Application of Law:

From the case, the special price applied to the first 50 XPBs should be construed as an offer. Reason being, in the case of unilateral contracts, contract is accepted only by the actions of the offeree and not a promise exchanged with the promisor. However, in such a "special price sale", the offeree has to promise the offeror the $25. In the case of Carlill v Carbolic Smoke Ball Co (1892), the advertisement by the defendant constituted an offer because it was offered to anyone who contracted influenza and to show the intention by the defendant, they deposited 1000 pounds in their bank. However, this intention is not present in the case of Jek and Bill where Jek only offered the special price to the first 50 potential customers. Moreover, even if it is an offer made by Jek, it is not evident from the case that Bill is one of the 50 first customers. Since the offer by Jek is not a unilateral contract, we move on to study Section 13 of the ETA, where it states that the offer by Jek placed on his website is to be construed as an invitation to treat. On Monday 1st September, when Bill emailed Jek that he is interested in the 3 black-coloured XPBs, it makes Bill the offeror. Following that, on Wednesday 3rd September, when Bill received the reply, Jek explained that the black XPBs were out of stock, so he counter-offered Bill with the 3 pink-coloured XPBs and mentioned that "...if Bill wants three pink XPBs, he must email immediately or transfer the amount of $75 to his bank account as there are other interested buyers." However, Bill did not reply to Jek immediately, but only replied him 2 days later on Friday 5th September. With that, it is clear that the counter-offer by Jek would have lapsed and offer would have been invalid after 3rd September as he required an immediate reply. Furthermore, Jek did in-fact email Bill on 5th September stating that all (5) pink-coloured XPBs were sold out but the email went to Bill's junk mail. According to Section 13 Subsection 2 and 3 of ETA, Jek would have fulfilled the criteria of sending the email to Bill's designated email address as it is the same email address Bill used to email Jek. Even if the lapse of time is not in place, Jek would have fulfilled the criteria of withdrawing the offer (5th September morning) before Bill (replied at 5th September 5PM) accepted the offer.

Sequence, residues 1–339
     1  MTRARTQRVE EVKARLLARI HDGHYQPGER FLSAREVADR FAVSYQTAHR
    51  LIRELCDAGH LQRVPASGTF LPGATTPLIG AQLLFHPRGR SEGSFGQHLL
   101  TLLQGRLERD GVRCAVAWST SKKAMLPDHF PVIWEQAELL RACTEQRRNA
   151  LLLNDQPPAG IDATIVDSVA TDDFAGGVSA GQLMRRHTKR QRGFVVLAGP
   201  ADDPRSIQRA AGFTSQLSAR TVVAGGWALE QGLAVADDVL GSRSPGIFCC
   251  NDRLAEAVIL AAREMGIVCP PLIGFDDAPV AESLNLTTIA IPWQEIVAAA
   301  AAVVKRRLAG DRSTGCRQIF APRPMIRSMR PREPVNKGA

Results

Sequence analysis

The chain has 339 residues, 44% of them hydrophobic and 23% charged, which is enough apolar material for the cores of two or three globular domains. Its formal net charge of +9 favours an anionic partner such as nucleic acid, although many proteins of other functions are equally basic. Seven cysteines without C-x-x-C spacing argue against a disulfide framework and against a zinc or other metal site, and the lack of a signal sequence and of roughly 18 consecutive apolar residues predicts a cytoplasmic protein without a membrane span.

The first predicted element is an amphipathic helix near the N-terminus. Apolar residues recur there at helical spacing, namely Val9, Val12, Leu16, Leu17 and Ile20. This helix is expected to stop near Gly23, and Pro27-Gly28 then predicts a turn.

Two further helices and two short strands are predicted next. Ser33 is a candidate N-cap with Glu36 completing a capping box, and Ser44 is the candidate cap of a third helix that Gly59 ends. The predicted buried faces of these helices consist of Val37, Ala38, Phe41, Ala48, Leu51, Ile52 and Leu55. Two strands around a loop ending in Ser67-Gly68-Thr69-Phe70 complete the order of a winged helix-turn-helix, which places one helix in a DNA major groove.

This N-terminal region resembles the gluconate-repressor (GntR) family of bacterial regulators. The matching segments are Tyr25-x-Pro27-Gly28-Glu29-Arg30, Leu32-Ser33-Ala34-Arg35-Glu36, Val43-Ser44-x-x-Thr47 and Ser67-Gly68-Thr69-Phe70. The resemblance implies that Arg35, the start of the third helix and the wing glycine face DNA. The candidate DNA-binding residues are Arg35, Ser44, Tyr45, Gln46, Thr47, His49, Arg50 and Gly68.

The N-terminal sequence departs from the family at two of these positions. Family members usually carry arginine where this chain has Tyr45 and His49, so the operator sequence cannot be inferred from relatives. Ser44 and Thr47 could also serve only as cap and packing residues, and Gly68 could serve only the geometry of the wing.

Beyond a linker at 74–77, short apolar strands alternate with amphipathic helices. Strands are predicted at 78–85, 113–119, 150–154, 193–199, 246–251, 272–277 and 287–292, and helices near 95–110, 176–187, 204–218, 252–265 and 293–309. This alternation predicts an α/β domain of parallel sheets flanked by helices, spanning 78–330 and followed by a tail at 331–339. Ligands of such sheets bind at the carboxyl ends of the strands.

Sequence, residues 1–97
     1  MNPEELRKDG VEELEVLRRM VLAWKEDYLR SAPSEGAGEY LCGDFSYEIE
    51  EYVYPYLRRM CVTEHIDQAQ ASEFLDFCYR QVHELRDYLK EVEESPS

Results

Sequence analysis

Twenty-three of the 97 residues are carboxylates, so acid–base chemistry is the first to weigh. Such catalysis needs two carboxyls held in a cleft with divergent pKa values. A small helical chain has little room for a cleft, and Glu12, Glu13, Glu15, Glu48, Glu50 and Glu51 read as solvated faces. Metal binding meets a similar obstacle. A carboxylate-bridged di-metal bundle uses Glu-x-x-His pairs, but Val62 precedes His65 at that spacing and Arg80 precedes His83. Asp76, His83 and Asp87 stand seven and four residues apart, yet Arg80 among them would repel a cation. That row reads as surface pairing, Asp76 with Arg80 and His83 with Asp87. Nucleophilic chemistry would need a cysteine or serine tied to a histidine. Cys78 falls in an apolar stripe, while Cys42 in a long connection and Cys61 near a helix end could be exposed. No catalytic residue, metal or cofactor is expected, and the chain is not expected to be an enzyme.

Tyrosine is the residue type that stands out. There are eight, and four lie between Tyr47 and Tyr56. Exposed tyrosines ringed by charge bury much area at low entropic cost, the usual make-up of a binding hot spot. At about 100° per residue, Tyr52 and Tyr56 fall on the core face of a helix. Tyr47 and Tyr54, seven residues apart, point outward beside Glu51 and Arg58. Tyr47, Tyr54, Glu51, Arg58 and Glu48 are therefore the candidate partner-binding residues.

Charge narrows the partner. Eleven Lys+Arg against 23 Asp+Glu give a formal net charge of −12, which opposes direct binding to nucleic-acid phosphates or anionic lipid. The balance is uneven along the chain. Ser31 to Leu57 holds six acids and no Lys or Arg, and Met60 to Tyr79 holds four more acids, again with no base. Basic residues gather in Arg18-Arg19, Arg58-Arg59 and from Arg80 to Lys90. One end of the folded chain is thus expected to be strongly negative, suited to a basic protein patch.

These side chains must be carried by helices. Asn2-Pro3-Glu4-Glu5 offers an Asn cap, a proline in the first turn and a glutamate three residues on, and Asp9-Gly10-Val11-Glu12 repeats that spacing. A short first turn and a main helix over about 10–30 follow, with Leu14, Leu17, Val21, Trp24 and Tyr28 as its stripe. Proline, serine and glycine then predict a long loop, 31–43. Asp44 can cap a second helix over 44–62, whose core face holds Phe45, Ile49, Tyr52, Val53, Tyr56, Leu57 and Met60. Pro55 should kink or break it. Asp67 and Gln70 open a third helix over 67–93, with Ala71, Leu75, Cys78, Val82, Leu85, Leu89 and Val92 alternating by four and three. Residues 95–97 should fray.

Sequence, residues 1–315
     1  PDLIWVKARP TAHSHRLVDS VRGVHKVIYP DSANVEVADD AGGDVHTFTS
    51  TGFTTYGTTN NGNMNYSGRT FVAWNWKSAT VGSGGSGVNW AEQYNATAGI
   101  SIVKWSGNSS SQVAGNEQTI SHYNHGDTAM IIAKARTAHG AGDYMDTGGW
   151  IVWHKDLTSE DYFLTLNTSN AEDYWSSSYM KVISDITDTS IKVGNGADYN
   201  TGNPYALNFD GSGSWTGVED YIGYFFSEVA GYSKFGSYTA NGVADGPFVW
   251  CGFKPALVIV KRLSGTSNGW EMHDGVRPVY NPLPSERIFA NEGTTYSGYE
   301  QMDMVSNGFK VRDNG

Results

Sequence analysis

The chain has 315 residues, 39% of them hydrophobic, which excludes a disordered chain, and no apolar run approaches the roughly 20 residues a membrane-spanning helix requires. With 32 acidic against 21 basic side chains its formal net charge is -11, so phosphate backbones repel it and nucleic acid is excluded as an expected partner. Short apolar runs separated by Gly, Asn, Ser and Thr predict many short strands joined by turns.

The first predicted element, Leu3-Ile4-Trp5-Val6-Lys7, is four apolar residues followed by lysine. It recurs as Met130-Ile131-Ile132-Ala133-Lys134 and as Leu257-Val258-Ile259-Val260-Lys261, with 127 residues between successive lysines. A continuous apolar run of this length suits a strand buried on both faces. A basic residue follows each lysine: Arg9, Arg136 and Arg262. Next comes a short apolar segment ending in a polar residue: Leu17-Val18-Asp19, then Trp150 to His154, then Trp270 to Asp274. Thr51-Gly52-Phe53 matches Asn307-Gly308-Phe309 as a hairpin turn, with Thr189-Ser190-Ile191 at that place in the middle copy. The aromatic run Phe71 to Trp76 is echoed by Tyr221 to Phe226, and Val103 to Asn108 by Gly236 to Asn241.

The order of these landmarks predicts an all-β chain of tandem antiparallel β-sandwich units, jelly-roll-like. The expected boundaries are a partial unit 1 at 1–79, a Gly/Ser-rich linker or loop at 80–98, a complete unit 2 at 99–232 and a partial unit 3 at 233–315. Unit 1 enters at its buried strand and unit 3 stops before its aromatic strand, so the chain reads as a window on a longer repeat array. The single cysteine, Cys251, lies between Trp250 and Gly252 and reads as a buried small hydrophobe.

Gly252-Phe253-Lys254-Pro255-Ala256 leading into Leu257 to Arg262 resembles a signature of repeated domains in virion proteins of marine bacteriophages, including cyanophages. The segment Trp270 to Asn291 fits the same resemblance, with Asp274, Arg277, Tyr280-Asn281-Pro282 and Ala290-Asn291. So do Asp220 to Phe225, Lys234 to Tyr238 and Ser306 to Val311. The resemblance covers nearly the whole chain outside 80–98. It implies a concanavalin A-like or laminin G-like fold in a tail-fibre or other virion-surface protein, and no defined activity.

Conclusion:

In conclusion, since there is no unilateral contract and the counter-offer made by Jek has lapsed, it is evident that there is no legally enforceable contract formed. Therefore, there is no binding agreement between Jek and Bill for the 3 XPBs.
[C1]:Link cases to application